In the heart of the African continent, nestled between the Sahara Desert to the north and lush equatorial forests to the south, lies the Nile Basin. This expansive region, home to over 200 million people, hosts one of the world’s iconic rivers, the Nile, which snakes through 11 countries over some 6,655 kilometres.
Wetlands such as those in the Nile Basin are indispensable to African communities. They are not just sources of livelihoods, but also guardians of resilience and biodiversity. From rivers and lakes, to mangroves, marshes, swamps, deltas and peatlands, wetlands offer ecosystem services including flood regulation, carbon sequestration and water purification.
Wetland ecosystems have silently served as nature’s guardians against climate change impacts. The Nile Basin’s unique geography and hydrology, like other major river basins in Africa such as the Congo, Limpopo, and Niger, play a crucial role in regulating the regional climate.
Wetlands in general, store almost a third of global soil carbon and support 40 per cent of biodiversity. They punch above their weight in their ability to store carbon, support livelihoods, regulate water cycles and sustain biodiversity.
Peatlands, for example, are a type of wetlands ecosystem where waterlogged conditions prevent organic matter from decaying fully, leading to the formation of layers of peat over decades. They cover only three per cent of the globe’s land surface yet store more carbon than all other ecosystems, and a fifth of all carbon is in their soils. Africa’s extensive peatlands exist in large river basins like the Congo, Nile, Limpopo and Okavango Delta. However, of all the types of wetlands, peatlands are the least known. For example, in 2017, the world’s largest tropical peatland was ‘uncovered’ by scientists in Cuvette Centrale that spans both the Democratic Republic of Congo and the Republic of Congo.
This is one of many instances the world over, where wetlands have been viewed as wastelands – to be drained for other uses, mainly agriculture, infrastructural development and resource extraction. Globally, wetlands are disappearing three times faster than forests, with a 35% loss of wetland ecosystems since 1970. Sadly, their degradation and loss are escalating the four crises of our time: food, water, biodiversity and climate.
Africa, despite its minimal contribution to the causes of climate change, bears the brunt of its brutal effects. In the last decade and a half, extreme and unpredictable weather events have been on the rise with devastating impacts on the people, exacerbating hunger, loss of livelihoods, displacements and economic volatility. For instance, the Horn of Africa is currently experiencing the worst drought in 40 years and weather predictions indicate that the region will soon be hit by a deluge from the El Nino phenomenon. Tropical cyclones and hurricanes in Mozambique are now more frequent and severe. These scenarios are replicated in the entire continent. According to the African Development Bank, Africa is losing 5% to 15% of its per capita economic growth due to climate change effects.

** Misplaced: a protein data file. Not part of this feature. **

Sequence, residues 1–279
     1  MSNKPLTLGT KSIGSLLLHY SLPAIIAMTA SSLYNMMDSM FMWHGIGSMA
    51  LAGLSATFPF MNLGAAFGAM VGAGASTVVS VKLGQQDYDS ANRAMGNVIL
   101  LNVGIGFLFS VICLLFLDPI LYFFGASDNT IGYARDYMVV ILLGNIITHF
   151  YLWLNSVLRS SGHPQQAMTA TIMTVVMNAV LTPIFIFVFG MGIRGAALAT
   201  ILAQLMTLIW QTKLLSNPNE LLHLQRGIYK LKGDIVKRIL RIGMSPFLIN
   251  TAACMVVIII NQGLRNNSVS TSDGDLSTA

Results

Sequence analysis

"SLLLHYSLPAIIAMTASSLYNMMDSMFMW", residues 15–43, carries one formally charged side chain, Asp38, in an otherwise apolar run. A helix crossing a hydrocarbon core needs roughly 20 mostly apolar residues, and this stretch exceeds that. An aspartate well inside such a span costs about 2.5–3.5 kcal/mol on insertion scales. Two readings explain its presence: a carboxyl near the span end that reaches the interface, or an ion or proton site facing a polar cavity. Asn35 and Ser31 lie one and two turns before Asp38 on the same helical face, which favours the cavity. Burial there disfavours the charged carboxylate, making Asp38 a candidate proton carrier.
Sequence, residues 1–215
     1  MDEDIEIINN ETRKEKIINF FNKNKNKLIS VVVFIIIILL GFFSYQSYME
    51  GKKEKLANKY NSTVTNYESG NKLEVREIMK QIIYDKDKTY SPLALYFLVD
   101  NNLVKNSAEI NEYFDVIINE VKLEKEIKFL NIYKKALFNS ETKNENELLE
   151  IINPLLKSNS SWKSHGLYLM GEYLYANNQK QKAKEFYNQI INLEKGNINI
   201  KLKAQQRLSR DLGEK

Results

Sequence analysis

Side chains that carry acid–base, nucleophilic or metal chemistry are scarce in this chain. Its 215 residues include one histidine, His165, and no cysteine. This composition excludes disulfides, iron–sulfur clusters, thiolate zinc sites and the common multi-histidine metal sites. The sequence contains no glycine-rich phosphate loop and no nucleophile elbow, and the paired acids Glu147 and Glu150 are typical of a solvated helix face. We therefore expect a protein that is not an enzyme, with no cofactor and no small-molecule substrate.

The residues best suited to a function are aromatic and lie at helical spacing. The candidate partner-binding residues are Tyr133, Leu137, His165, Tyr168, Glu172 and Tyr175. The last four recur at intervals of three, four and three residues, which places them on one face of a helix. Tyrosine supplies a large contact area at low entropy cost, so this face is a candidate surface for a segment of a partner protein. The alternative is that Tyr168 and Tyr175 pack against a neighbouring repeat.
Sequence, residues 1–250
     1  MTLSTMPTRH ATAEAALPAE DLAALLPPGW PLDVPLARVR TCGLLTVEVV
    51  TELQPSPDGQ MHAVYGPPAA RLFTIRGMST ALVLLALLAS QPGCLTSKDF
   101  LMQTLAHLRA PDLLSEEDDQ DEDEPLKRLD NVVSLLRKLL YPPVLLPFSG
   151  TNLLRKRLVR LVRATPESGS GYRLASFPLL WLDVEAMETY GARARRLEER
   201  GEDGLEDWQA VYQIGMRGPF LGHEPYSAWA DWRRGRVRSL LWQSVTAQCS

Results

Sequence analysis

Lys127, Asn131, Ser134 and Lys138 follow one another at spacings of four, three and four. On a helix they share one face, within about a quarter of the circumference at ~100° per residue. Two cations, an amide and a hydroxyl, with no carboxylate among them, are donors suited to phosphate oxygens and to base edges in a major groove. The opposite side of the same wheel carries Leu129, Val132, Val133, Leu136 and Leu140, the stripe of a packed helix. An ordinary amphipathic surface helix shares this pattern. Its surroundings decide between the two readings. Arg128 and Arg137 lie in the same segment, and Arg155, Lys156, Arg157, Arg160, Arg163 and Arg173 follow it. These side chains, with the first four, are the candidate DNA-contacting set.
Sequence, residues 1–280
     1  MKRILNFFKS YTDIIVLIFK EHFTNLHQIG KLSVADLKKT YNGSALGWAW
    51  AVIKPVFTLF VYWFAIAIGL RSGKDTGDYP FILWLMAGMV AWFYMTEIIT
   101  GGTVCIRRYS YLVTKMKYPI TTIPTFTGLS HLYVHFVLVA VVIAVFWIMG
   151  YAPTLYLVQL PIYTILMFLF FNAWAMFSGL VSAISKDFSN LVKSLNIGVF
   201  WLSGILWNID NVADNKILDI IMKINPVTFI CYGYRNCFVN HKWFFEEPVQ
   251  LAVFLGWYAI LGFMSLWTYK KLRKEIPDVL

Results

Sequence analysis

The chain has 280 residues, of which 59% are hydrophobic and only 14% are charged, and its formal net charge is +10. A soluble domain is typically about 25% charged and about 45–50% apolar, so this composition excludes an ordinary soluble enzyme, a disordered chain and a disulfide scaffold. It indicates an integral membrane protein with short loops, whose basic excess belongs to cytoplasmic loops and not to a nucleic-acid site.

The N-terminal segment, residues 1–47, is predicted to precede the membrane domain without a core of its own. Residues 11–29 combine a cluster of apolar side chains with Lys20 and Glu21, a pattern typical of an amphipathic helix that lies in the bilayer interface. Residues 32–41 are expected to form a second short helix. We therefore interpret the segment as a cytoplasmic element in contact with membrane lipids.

One Voice in Unity
The Africa Climate Summit and Week hosted in Nairobi provide a necessary platform for heads of government, policymakers, civil society and multilateral organisations, private sector and individuals to discuss green growth and climate finance solutions for Africa and beyond. Without a doubt, African leaders will be urged to make ambitious commitments for their own countries, emphasising not only the value of ecosystems like wetlands but also encouraging Africa’s policymakers to speak to the world, particularly to the wealthy nations, with one voice and act as one. This Summit is a precursor to the COP 28 to be held at the end of this year where African leaders will also be in negotiations on climate change issues.
Wetlands must be recognised for their pivotal role as one of the most effective nature-based solutions to climate regulation, both in mitigation and adaptation. They must be integrated into climate change financing at national, regional and global levels, bringing about transformative change on the ground, particularly for local communities whose lives and livelihoods depend on wetland ecosystems and whose lives are highly impacted by climate change.
More importantly, local communities in Africa and those in the ‘global south’ must not only have a say, but a genuine, weighty stake in climate financing. At the national and sub-national levels, policy and decision-makers should ensure that climate action plans incorporate local perspectives. As climate change is not a preserve of Africa, equity, justice, transparency and fulfilment of obligations by all parties must therefore be seen and felt.
Further, Africa’s leaders at the Summit should seize this opportunity to unite in their vision and speak with one voice to further our interests and priorities. That vision should stand for a better future for the African people, their livelihoods and economies, for healthy natural ecosystems such as wetlands that support our water and food systems, for thriving biodiversity, and for lasting peace and stability.